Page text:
We also observed lower platelet counts in infected pregnant SLEs versus WT mice at day 8. Thrombocytopenia is a common feature of SLE, pregnancy and malaria, with SLE thrombocytopenia thought to be caused by peripheral platelet destruction [22]. While gestational thrombocytopenia does not seem to affect maternal and fetal outcomes in pregnancy [23], in malaria patients thrombocytopenia has been associated with malaria severity and prognosis [24]. On the other hand, in SLE patients the effects are not clear, with conflicting reports suggesting no effect [22] or correlation with worse prognosis [25]. Recent data suggests that the pathogenesis of PM is mediated in part by an inflammation-coagulation cycle involving platelets as one of the key components in this cycle [26]. If so this suggests a potentially detrimental effect of SLE susceptibility on infected pregnant mice.

Taken together our results point toward a mixed effect of SLE susceptibility on PM. On the one hand, the malaria symptoms were worse in infected pregnant SLEs mice as compared to WT mice but on the other hand, SLEs mice produced more fetuses and a similar proportion of healthy fetuses during infection as compared to WT mice. However, overall the data presented here and our earlier results suggest that SLE susceptibility has a net positive effect on fitness as it can decrease mortality due to severe malaria and increase reproductive fitness by increasing the total number of fetuses.

The results presented here further support the hypothesis that genetic susceptibility to SLE is protective in severe malaria. However, we are still left with the paradox that genetic SLE susceptibility does not result in SLE in individuals living in malaria endemic areas of Africa. Two studies in mice suggest that malaria infections themselves may ‘recalibrate’ the inflammatory response in SLE-susceptible mice resulting in prevention of autoimmune disease [27], [28]. Future studies aimed at understanding the cellular and molecular interaction between the autoimmune susceptible host and the malaria parasite should inform us as to how inflammation can be controlled in both autoimmunity and in malaria.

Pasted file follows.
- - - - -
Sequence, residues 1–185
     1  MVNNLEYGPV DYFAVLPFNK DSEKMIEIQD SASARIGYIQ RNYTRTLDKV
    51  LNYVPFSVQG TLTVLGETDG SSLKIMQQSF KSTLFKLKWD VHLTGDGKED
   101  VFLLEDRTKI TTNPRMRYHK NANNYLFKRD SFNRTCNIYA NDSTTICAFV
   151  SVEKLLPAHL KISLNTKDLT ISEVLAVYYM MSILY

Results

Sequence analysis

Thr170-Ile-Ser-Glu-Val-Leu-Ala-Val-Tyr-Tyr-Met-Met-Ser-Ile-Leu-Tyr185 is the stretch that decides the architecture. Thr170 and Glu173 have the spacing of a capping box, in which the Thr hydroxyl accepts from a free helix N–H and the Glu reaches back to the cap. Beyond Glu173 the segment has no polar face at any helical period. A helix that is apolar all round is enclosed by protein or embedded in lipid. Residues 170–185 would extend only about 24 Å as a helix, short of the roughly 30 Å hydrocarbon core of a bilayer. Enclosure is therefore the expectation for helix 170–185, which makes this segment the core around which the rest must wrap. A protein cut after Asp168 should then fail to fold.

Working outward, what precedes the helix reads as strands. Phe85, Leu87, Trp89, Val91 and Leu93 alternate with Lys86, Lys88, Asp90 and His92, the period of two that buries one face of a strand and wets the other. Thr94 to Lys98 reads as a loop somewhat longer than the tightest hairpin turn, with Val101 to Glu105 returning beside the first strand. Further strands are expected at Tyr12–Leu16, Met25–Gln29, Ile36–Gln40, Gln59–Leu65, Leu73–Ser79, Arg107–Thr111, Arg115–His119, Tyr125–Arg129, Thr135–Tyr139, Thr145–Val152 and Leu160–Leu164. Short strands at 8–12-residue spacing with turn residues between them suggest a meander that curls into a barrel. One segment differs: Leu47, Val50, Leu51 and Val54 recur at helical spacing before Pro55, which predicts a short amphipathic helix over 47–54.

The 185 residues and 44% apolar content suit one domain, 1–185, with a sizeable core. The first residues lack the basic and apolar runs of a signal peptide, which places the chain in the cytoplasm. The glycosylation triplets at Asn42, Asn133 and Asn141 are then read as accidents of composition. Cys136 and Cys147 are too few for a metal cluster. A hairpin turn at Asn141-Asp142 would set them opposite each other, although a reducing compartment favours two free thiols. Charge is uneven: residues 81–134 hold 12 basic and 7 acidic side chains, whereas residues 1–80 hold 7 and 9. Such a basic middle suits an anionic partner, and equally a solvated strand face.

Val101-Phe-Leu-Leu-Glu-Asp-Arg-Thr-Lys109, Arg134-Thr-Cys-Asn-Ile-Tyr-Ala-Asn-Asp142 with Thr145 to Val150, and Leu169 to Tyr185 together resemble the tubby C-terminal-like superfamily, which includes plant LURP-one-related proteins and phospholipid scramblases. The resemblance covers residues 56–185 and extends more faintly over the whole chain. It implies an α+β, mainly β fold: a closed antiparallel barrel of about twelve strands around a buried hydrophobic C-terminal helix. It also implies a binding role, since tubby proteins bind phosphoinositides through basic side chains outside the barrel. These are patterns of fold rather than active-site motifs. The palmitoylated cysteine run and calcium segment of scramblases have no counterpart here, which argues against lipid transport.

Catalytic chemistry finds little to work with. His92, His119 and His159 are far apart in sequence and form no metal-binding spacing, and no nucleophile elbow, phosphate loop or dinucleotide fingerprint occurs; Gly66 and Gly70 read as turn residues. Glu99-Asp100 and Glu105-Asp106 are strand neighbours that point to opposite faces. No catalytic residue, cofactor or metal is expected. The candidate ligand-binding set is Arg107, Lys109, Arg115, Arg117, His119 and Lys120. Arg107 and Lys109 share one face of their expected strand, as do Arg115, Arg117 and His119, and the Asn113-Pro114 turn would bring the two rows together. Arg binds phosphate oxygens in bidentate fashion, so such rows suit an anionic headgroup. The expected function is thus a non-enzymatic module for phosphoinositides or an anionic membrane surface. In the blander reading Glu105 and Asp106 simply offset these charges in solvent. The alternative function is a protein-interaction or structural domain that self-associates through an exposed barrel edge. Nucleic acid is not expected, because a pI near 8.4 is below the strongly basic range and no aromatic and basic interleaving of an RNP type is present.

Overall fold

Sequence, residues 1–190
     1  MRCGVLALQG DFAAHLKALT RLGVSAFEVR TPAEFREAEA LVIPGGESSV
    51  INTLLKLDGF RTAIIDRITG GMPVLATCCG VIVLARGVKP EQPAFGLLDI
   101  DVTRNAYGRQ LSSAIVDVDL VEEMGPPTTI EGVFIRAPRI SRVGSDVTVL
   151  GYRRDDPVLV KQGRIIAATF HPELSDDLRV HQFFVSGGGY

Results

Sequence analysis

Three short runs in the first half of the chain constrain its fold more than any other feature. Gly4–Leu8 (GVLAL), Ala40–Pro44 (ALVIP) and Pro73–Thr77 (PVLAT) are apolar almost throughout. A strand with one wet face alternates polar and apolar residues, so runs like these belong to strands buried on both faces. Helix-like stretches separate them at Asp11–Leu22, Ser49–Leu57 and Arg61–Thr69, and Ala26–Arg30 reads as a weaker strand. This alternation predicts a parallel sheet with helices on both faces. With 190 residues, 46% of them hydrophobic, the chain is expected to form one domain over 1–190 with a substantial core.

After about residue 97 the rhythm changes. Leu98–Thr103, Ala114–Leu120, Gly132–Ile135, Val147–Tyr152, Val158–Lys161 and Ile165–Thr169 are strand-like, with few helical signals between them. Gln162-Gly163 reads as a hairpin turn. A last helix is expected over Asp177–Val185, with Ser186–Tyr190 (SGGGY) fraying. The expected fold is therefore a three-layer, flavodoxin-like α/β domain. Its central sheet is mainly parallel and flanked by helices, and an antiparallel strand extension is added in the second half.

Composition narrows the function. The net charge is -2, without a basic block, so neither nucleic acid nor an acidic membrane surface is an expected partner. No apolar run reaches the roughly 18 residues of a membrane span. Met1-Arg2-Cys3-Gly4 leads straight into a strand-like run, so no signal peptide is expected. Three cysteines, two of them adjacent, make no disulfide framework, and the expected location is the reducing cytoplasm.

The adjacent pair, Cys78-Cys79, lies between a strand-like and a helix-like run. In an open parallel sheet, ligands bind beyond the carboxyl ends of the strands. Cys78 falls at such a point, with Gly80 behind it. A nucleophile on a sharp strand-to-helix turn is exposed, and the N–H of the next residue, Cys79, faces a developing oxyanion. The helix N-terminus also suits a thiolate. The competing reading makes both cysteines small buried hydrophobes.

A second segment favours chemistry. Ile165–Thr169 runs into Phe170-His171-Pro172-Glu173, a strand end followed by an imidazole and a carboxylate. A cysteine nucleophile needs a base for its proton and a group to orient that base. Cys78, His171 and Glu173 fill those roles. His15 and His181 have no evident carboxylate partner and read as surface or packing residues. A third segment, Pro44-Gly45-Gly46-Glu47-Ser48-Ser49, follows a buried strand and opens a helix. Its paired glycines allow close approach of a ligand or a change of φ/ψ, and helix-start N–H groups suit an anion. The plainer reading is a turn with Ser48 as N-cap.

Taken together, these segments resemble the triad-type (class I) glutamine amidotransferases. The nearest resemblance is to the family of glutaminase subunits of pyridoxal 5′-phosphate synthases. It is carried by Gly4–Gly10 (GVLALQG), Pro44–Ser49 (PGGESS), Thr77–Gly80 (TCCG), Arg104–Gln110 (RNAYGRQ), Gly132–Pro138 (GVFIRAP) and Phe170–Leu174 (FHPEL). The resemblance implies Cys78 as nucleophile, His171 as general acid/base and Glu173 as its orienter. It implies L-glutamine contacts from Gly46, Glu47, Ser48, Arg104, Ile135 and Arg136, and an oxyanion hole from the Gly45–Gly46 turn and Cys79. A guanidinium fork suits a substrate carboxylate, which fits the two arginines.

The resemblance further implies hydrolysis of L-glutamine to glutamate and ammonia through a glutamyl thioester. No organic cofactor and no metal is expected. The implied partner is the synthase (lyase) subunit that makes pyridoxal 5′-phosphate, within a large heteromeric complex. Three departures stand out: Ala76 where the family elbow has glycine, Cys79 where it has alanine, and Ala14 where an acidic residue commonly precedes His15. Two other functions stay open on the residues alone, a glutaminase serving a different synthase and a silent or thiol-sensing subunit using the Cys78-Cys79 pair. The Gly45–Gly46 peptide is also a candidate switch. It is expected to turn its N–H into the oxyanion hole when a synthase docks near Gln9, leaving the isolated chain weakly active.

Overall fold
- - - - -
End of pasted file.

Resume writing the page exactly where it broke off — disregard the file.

Supporting Information

Figure S1

Effects of SLE and malaria on blood composition during pregnancy. Animals were infected with 1×104 P. chabaudi AS iRBCs on day 0 post-conception. Hematological parameters were determined in whole blood. White blood cells (WBC), platelets (PLT), lymphocytes (LY), eosinophils (EO), basophils (BA), hematocrit (HCT), red blood cells (RBC), mean corpuscular volume (MCV) and neutrophils (NE) and are shown. Data shows the median with the box upper and lower limits representing the upper and lower quartiles, the whiskers representing the range (maximum and minimum of the data) and open circles representing outliers.


Table S1

P values for the adjusted effects of SLE and pregnancy on malaria infection at different time points using GEE models. ¶ indicates analyses using uninfected mice.


Table S2

Adjusted effects (standard errors) of SLE, infection, and pregnancy on the difference between day 8 and day 0 in the hematology parameters using linear regressions.



The authors would like to thank Julie Kim and Terri Fantasia for logistic and editorial support, and Dr. Jerry Ward for advice on the analysis of the uterine sections.

Funding Statement

This research was supported by the Intramural Research Program of the National Institute of Allergy and Infectious Diseases, National Institutes of Health. The funders had no role in study design, data collection and analysis, decision to publish, or preparation of the manuscript.